Image of Flexe Warehouse Door Open

Blog posts

Balancing Warehouse Labor for Inventory Peaks and Valleys

Warehouse labor can account for half of warehousing costs. And it can be difficult match those expenses against the inventory peaks and valleys that are common to many organizations’ logistics activities.

Warehouse labor can account for half of warehousing costs. And it can be difficult match those expenses against the inventory peaks and valleys that are common to many organizations’ logistics activities. A recent FLEXE study and white paper revealed two very telling statistics.

  1. More than 75% of supply chain professionals currently experience significant fluctuations in warehouse volume.
  2. About 70% don’t have a viable solution when these problems arise.

Early this month, our two-part article on “The New Logistics” pointed out a number of the reasons for inventory spikes, some expected, some unforeseen and some created by new and competitive circumstances. Of course, there are also those periods when your warehouse and logistics activities drop to lower-than-normal levels too. Clearly, with an increasing amount and degree of fluctuation, optimizing warehouse staff can be a challenge. That said, getting the balance right is still essential. In most cases, it doesn’t make financial sense to size a fulltime crew to support random peak volumes. And, while staffing for the valleys reduces costs, it can prevent your operation from effectively scaling when you enter normal or peak periods.

There are numerous efficiency factors that affect labor costs as well. Factors like training, ergonomics, best practices, automation, communications and teamwork can make a big difference in the productivity of your team. So, it makes sense to maintain a core experienced team, sized to comfortably, efficiently accommodate your average volume in order to realize the full productivity benefits of having employees that know the ins and outs of your warehouse and your business. At the same time, however, you need a strategy for optimizing labor when inventory and activity levels surge and plunge.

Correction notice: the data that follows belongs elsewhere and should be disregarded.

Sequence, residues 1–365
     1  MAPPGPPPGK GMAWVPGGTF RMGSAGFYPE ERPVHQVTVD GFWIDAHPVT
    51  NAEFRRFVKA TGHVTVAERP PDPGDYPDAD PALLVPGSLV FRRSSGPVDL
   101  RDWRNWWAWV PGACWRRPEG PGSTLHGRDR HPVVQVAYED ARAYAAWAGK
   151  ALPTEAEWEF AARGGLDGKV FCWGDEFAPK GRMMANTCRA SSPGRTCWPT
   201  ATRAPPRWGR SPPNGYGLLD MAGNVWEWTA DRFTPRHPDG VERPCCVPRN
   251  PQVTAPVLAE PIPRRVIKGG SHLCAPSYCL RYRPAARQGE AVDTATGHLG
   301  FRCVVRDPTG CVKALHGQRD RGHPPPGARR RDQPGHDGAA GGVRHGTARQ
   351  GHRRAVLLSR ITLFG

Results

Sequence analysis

Here are a few options you may want to consider that can help you do both:

On-call labor helps you bolster warehouse labor during peak periods

Often, warehouse operators prepare a pool of temporary labor that they can call on during peak periods. For the operators, this approach can be a win because of the cost savings of having somebody on-call rather than on-site. The downside is that this approach often requires a significant time investment to interview, run background checks and train temporary staff before they’re needed and for only a short-term benefit. However, temporary workers often like these arrangements because they get a chance to gain experience and show off their abilities and work ethic to potentially score a full time position down the road. And, there’s an added benefit for warehouse managers. With the higher-than-average turnover rate in warehouse industry workers (The Bureau of Industry Statistics cites >35% turnover rate), it can be a real plus to have known, experienced people, queued up and ready to step in if/when full-time employees leave.

On-demand labor helps your expand your team during peak periods

Emerging on-demand labor solutions, like, may provide quick access to temporary, knowledgeable workers during peak periods. Forrge currently provides an online labor marketplace for retail works. However, this approach could easily be expanded by Forrge, or another organization, to warehouse workers. Taking this kind of approach can reduce some of the upfront investment, training and vetting involved in establishing reserve labor. And, it can open up the field of potential people to call on when the need arises.

Keep your warehouse full even when your company volumes are low

For years, warehouse operators have used short-term leases to help keep their warehouses full when their own inventories have dipped. This is a common solution and can work well in the right situations. The challenge is not only finding and matching periods of low volumes with the exact needs of the sub-leaser but also finding the labor to help manage goods in a physically separated area. Alternatively, new on-demand warehousing solutions provide a marketplace for excess warehouse space, enabling temporary dips in volume to be viewed as opportunities to make that extra space available to other companies who need it on a temporary basis. In either case, instead of reducing your trained staff or limiting their hours, your team can be partially allocated to shipping, receiving and managing that third-party inventory on the other company’s behalf. On-demand warehousing can fill your warehouse and keep your experienced team working while your inventory volumes are low.

Optimizing labor for today’s warehouse dynamics can be tricky business. But, today’s warehouse managers have more resources than ever. If you’re rethinking your labor requirements, these options may be worth considering.